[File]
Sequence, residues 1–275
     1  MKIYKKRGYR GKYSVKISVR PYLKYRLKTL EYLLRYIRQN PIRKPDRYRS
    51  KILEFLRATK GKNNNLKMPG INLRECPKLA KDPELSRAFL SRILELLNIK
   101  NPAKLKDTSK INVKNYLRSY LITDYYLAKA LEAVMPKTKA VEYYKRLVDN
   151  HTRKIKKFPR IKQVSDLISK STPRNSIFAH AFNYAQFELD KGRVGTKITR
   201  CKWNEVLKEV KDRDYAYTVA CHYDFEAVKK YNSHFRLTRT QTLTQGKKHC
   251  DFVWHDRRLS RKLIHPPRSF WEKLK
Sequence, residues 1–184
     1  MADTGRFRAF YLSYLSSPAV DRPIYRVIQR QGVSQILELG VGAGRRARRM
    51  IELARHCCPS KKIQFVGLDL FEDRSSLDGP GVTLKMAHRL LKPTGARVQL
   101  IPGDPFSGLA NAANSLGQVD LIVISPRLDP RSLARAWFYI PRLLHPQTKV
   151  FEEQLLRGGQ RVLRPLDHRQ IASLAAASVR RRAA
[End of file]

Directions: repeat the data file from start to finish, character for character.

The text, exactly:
Sequence, residues 1–275
     1  MKIYKKRGYR GKYSVKISVR PYLKYRLKTL EYLLRYIRQN PIRKPDRYRS
    51  KILEFLRATK GKNNNLKMPG INLRECPKLA KDPELSRAFL SRILELLNIK
   101  NPAKLKDTSK INVKNYLRSY LITDYYLAKA LEAVMPKTKA VEYYKRLVDN
   151  HTRKIKKFPR IKQVSDLISK STPRNSIFAH AFNYAQFELD KGRVGTKITR
   201  CKWNEVLKEV KDRDYAYTVA CHYDFEAVKK YNSHFRLTRT QTLTQGKKHC
   251  DFVWHDRRLS RKLIHPPRSF WEKLK
Sequence, residues 1–184
     1  MADTGRFRAF YLSYLSSPAV DRPIYRVIQR QGVSQILELG VGAGRRARRM
    51  IELARHCCPS KKIQFVGLDL FEDRSSLDGP GVTLKMAHRL LKPTGARVQL
   101  IPGDPFSGLA NAANSLGQVD LIVISPRLDP RSLARAWFYI PRLLHPQTKV
   151  FEEQLLRGGQ RVLRPLDHRQ IASLAAASVR RRAA